Revisions to the university’s policy on discrimination, sexual harassment and sexual misconduct, also known as Executive Policy 15, which administration and student activists agreed to rewrite by the beginning of this semester, have yet to be completed.
Phil Weiler, WSU Vice President of Marketing and Communication, said the administration had emailed back and forth with student organizers and did not receive a response to a draft of the policy rewrite they sent in October.
Chijioke Emeka, one of the activists who organized a sit-in in the French Administration building last fall, said in a Facebook message no progress had been made toward preparing a draft. In December, she said the administration had stalled progress on the sit-in demands.
“They haven’t done anything at all,” she wrote in an email. “Once again, they fed students promises and failed to produce tangible evidence of progress.”
In their meetings with the administration, she said, they outlined an extensive timeline for when each demand should be met, including benchmarks and check-ins to hold the administration accountable.
She said so far, none have been met, and they were consistently given excuses such as, “I will email you by the end of the week,” and “I apologize for the slowness, we will get back to you.” This made her and the other student leaders of color confused as to why they met in the first place.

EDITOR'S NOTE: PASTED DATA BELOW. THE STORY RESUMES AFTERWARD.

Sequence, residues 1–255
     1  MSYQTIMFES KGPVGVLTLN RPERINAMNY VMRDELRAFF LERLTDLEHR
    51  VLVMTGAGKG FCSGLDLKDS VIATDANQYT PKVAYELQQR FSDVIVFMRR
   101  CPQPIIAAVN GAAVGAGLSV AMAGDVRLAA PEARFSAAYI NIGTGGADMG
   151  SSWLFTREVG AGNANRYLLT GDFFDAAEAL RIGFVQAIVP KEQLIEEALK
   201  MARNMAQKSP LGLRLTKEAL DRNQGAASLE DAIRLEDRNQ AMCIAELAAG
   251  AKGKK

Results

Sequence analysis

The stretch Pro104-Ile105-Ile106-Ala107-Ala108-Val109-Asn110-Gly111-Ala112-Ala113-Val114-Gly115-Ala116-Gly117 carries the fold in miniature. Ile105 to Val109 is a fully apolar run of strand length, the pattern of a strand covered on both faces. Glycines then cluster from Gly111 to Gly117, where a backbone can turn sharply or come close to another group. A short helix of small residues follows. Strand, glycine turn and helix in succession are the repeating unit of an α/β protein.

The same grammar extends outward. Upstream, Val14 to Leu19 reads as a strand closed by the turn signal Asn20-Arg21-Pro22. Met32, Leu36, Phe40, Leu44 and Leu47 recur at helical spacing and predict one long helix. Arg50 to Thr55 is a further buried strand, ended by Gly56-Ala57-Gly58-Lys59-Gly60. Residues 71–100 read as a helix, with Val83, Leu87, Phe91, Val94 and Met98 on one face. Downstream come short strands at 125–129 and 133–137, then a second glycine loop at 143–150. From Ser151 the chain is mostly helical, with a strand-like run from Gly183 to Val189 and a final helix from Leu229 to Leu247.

Weiler said next week university administration will announce a work group that will rewrite the university’s policy.
The university had planned to announce several working groups that would address the policy rewrite alongside other campus climate initiatives, Weiler said, but postponed until next week in light of redshirt sophomore quarterback Tyler Hilinski’s death Tuesday.
One such initiative is the hiring of more faculty and staff of color, one of the 11 metrics used to track the progress of WSU’s “Drive to 25” initiative. All of the groups will have representatives from students, faculty and staff from across the campuses, Weiler said.
“At the moment it’s written reasonably with regard to the First Amendment,” said Elizabeth Hindman, an associate professor of media ethics and First Amendment law. She added that it was good practice to revisit and reevaluate existing policies.
She said hate speech is protected by the Constitution, but harassment is not. If a speaker were to make discriminatory statements to a group of people without any comments toward any specific person, it likely would not legally be considered harassment.
She explained courts try to evaluate cases from the perspective of a “generic, reasonable” individual in an attempt to judge situations objectively.
Weiler pointed to the difficult nature of distinguishing harassment from protected free speech as there is no legal definition of hate speech. “If you’re advocating violence, that’s harassment,” he said. “It is frankly difficult to draw the line between protected and not protected speech.”
He added that the rewrite will ideally provide a clearer outline of the university’s community expectations while fitting within the framework of the Constitution.
“There have been issues that have been in forefront on our campus for quite a long time,” Weiler said.